The dynamin superfamily comprises a growing assortment of multi-domain GTPases, found from bacteria to man, that are distinguished from typical GTPases of the Ras, Rab and G-protein families by their modular structure (Figure 1), relatively large size (>70 kDa), and low affinity for guanine nucleotides. In addition, they display a conserved propensity to self-assemble into polymeric arrays, the dynamics of which are regulated by an autonomous, assembly-stimulated GTPase activity. Here, Ramachandran and Schmid describe the structural, biophysical, and biochemical properties of the dynamin superfamily and the implications for their distinct cellular functions.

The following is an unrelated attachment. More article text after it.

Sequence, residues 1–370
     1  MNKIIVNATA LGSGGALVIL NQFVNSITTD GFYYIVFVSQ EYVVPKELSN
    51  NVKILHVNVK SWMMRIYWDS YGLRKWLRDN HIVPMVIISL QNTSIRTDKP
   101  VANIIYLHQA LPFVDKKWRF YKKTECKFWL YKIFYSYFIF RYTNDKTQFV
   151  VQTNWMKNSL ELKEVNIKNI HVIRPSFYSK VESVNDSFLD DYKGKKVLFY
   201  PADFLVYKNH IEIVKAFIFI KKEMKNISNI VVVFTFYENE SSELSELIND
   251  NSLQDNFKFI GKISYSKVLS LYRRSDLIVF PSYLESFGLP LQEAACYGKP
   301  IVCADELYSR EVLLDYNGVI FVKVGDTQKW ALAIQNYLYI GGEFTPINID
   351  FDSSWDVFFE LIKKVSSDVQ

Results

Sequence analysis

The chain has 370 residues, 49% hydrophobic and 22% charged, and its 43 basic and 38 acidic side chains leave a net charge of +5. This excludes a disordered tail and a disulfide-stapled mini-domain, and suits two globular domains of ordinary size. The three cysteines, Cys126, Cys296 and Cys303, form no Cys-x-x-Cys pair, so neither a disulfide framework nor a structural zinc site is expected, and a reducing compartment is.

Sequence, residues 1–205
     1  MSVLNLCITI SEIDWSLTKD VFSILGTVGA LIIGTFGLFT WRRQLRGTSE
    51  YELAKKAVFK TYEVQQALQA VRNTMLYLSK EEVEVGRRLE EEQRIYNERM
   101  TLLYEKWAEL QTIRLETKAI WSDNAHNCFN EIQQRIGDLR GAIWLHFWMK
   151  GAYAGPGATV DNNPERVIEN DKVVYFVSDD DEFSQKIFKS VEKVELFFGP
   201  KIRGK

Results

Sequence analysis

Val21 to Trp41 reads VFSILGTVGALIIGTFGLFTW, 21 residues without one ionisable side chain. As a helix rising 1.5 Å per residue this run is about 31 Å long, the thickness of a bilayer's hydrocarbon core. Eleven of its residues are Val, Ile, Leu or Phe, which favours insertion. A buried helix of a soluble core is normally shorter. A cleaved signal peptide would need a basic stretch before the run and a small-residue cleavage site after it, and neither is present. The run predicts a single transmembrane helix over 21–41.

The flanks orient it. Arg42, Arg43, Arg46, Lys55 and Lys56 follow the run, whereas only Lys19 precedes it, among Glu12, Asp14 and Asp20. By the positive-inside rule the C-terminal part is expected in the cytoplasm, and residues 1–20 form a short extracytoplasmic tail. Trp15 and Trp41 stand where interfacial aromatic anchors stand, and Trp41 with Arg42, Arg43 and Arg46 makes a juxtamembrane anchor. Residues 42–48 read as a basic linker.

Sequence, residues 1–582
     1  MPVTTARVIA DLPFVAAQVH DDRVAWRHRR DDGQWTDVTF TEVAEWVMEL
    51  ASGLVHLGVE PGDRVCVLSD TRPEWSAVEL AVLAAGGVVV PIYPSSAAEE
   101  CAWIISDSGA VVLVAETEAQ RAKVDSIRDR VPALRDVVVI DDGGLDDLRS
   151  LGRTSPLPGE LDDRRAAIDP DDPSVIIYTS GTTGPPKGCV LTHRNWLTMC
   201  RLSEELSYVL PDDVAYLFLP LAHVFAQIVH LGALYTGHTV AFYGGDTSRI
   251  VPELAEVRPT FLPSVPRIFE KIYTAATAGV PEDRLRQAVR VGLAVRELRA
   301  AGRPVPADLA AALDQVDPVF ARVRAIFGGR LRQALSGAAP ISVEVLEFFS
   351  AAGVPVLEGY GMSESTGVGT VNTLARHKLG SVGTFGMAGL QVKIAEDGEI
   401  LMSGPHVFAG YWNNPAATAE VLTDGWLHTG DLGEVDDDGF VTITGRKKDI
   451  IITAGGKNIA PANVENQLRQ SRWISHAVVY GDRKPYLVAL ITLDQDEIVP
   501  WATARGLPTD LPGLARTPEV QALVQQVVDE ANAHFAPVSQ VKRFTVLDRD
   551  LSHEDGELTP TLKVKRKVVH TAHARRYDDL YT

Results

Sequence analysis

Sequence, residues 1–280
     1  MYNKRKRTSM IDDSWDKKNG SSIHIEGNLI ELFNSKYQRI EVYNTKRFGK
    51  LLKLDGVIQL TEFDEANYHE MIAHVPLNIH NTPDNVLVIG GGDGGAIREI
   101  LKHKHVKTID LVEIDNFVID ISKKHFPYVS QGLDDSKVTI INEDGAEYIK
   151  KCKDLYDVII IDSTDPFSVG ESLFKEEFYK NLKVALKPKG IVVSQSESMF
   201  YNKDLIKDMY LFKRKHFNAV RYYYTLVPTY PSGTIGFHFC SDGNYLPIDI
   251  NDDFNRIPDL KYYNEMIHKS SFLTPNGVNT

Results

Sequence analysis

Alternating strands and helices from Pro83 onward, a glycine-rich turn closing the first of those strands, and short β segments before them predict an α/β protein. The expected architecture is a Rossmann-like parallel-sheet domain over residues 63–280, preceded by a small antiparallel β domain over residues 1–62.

ASJC Scopus subject areas
- Biochemistry, Genetics and Molecular Biology(all)
- Agricultural and Biological Sciences(all)